Updated: Jun 16, 2021
Do not confuse the above title with something like, “Top Five Foods You Should Eat on Chemo.” When I was on chemo, I ate like I was trying to fill an abyss. People brought food for our family of 6; I ate most of it. I wasn’t really hungry and I was too tired and short of breath to exercise or be creative. But I wanted to participate in something that felt productive, and eating copious amounts of food felt like something I could actually DO, even though everything tasted like baking soda. It was psycho and I gained 16 pounds in 4 months. My top five was something like this:
1. Trader Ming’s Noodles: These were little noodle meals from Trader Joe’s in Chinese restaurant-style boxes. Kung Pao, Pad Thai, Satay were the flavors, and I probably ate one every day. They are now discontinued to this grief of thousands. Nay, millions!!
2. Baklava: A local family with a sweet Romanian matriarch made us Greek food every week, and the baklava was particularly fabulous. And, since my kids didn’t eat it, it was just sitting there looking lonely and bored. And I was also lonely and bored! So, we hooked up a lot.
3. Watermelon: I was on chemo all through the summer, and I can pretty much eat my weight in watermelon any day of the week. This kept me hydrated , was a guilt-free, my kids love it, so I bought it all the time.
4. Coffee: I needed it to stay alert, but since I drink mine with cream and sugar, it wasn’t a fantastic addition to my already suffering diet.
5. Gummy Bears: Almost nothing on this earth relieves my stress like chewing on gummy bears. Even though everything had a bad taste because of the chemo, it’s really hard to ruin this favorite candy of mine.
So, now that you have a window into my poor eating habits during my chemo regimen, let me tell how I wish I had structured my diet for those 18 weeks. As much as I dislike dieting, the three or four times that I’ve abided by the Whole 30 diet, I felt great. I’ve done Keto as well, but it didn’t give me the same burst of energy. If I had it to do over again—and I hope I never will—I would combine the basic principles of those two diets: Lots of roasted veggies, healthy grilled meats, eggs, nuts, and though it’s not on the list of either diet, as much fruit as I want. I’d avoid caffeine, sugar laden foods and candy—except for ginger candies to help with bad mouth taste—and starches, save for the occasional sprouted wheat toast with avacado. The weight that I gained on chemo combined with the additional side effect of accelerated aging has really changed my profile. I started this regiment at the age of 41 weighing 122 pounds and with some well-earned muscle mass, and I ended up weighing almost 140, flabby, eventually climbing to 150 before I got serious and lost a significant amount of that weight.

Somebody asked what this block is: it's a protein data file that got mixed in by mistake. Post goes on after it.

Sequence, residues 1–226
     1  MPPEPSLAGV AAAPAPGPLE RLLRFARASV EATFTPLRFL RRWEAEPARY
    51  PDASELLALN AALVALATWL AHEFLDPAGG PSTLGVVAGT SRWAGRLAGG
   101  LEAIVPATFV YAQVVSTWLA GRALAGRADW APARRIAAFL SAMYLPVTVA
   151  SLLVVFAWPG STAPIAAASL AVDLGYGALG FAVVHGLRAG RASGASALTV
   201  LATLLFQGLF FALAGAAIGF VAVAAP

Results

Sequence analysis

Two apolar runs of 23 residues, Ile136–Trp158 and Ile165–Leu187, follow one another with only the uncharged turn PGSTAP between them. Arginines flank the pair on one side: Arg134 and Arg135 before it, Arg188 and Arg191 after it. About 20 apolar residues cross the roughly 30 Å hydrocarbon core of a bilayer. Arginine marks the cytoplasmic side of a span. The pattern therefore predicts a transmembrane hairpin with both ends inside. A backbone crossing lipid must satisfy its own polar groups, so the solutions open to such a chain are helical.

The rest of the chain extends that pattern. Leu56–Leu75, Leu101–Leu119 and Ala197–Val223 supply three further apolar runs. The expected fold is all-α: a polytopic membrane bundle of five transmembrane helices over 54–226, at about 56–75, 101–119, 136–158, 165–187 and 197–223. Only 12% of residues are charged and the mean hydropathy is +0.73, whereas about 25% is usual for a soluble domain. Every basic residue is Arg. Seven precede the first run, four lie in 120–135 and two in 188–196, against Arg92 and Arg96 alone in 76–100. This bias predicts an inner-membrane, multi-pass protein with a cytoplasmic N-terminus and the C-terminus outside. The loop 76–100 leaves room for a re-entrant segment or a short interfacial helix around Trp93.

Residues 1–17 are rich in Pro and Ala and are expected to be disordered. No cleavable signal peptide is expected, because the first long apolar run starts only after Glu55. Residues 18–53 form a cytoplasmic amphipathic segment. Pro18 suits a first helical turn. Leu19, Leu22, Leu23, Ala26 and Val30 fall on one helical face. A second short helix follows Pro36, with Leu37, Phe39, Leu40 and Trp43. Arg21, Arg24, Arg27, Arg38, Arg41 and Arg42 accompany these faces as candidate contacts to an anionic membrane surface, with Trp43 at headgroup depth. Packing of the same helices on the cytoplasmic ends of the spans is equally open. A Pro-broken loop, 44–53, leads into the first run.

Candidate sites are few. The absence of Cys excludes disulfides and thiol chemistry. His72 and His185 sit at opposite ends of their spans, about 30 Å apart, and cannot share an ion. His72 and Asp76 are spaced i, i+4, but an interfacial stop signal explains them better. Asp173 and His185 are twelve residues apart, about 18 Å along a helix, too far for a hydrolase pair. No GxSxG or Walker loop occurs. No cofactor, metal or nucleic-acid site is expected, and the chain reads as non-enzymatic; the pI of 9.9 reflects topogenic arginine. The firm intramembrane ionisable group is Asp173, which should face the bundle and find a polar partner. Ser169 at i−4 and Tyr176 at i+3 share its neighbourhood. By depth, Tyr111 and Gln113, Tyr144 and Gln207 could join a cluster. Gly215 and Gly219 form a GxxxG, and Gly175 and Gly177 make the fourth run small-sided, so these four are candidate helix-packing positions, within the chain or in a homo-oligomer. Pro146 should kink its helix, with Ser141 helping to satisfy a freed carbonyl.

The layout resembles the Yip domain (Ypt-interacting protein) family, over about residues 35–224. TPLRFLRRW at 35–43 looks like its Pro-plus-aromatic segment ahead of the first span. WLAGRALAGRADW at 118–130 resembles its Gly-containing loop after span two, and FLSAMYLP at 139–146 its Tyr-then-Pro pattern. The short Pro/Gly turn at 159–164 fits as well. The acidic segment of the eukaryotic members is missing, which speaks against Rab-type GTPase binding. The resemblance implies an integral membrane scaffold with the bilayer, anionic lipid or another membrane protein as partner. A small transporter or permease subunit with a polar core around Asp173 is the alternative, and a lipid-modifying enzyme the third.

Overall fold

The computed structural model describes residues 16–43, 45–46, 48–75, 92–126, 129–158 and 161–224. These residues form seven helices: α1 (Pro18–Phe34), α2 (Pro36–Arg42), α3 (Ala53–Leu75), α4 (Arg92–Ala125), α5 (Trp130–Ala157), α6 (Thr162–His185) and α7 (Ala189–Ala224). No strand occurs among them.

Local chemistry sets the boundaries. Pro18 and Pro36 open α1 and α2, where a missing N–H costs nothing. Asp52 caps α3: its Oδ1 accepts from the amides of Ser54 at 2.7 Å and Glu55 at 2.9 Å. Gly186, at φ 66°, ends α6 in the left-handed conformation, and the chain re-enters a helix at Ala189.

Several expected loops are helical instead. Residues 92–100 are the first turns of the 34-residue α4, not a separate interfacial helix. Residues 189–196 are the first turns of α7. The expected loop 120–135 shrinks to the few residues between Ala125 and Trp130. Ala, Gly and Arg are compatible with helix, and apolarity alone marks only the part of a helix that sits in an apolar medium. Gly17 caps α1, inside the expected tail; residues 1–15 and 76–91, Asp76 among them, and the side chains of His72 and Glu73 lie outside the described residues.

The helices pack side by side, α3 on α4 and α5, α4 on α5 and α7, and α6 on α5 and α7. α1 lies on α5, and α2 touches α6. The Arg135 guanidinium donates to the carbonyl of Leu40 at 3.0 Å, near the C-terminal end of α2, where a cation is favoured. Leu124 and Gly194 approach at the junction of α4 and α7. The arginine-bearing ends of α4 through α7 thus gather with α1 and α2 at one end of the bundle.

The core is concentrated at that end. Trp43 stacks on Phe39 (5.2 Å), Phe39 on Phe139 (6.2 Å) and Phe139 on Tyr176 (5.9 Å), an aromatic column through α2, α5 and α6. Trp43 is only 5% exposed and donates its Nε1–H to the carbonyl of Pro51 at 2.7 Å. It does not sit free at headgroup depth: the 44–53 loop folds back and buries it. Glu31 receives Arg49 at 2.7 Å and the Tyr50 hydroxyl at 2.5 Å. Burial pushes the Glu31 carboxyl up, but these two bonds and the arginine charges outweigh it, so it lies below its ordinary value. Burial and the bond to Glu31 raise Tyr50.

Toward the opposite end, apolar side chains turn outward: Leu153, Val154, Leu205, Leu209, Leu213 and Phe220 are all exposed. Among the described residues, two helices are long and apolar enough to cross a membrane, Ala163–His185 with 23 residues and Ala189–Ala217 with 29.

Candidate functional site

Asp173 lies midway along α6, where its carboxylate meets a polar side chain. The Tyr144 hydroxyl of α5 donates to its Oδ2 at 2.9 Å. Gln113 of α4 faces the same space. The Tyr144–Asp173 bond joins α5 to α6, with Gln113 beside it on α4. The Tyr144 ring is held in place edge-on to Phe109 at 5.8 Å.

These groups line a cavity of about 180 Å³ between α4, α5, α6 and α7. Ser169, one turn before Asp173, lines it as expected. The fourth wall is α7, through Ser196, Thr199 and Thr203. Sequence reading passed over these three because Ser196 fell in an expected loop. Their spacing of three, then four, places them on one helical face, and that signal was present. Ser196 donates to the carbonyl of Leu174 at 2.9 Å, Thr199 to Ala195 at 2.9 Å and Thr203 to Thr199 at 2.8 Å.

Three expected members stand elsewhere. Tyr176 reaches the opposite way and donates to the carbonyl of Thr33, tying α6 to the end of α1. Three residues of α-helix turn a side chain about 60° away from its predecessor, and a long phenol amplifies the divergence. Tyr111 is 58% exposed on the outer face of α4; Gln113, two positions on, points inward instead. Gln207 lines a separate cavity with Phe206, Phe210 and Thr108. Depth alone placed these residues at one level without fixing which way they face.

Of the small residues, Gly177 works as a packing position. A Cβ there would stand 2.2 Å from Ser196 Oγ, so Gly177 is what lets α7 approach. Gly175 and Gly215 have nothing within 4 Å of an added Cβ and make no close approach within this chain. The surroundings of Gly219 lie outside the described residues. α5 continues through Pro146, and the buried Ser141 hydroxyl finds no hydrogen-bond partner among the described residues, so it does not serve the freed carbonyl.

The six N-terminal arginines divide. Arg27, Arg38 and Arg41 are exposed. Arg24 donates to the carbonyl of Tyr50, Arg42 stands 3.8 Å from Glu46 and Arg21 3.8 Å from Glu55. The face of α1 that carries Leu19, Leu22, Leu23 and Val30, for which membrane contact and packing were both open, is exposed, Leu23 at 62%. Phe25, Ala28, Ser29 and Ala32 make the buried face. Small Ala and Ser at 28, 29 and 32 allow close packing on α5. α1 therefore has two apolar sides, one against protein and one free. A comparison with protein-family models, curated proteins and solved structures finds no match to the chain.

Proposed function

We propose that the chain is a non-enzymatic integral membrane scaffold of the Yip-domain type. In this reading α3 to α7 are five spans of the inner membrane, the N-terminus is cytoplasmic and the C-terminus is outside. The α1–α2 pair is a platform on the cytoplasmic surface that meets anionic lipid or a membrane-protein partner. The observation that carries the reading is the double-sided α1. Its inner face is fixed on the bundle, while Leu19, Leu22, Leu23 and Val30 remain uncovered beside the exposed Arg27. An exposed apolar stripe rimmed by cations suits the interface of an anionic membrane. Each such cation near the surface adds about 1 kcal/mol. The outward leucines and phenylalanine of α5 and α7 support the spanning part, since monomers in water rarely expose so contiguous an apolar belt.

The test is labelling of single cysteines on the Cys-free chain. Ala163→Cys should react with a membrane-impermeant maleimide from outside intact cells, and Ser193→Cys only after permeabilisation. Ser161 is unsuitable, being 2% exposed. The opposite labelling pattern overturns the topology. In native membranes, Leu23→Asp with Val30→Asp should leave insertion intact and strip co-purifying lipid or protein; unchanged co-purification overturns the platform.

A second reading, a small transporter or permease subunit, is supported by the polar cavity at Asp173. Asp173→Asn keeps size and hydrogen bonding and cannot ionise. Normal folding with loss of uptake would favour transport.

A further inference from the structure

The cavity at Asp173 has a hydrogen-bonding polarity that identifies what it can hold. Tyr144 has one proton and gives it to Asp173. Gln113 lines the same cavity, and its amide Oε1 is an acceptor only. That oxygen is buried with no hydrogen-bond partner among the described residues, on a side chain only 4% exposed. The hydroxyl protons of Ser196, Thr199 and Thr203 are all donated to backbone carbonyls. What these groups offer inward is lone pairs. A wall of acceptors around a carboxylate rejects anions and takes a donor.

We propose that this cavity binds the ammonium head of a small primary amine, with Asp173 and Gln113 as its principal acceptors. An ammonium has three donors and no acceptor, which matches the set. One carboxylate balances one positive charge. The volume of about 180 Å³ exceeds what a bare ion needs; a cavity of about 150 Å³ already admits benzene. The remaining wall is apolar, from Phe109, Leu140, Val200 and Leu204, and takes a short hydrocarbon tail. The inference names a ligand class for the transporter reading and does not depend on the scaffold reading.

Dear friend, if you have a very bad day where you hear the words, “You have cancer,” find that person in your life who desperately wants to do something to help and ask them to create an meal plan for you and to be the gatekeeper of it. Block all the unhealthy foods that might find their way into your home. As much as you want to comfort eat—I totally get it—your cancer treatment is not the time for it. Give yourself some treats along the way, but don’t make your whole diet into a treat yo’ self binge. You need the good food to help your cells rebuild so you can return to your life after treatment is over.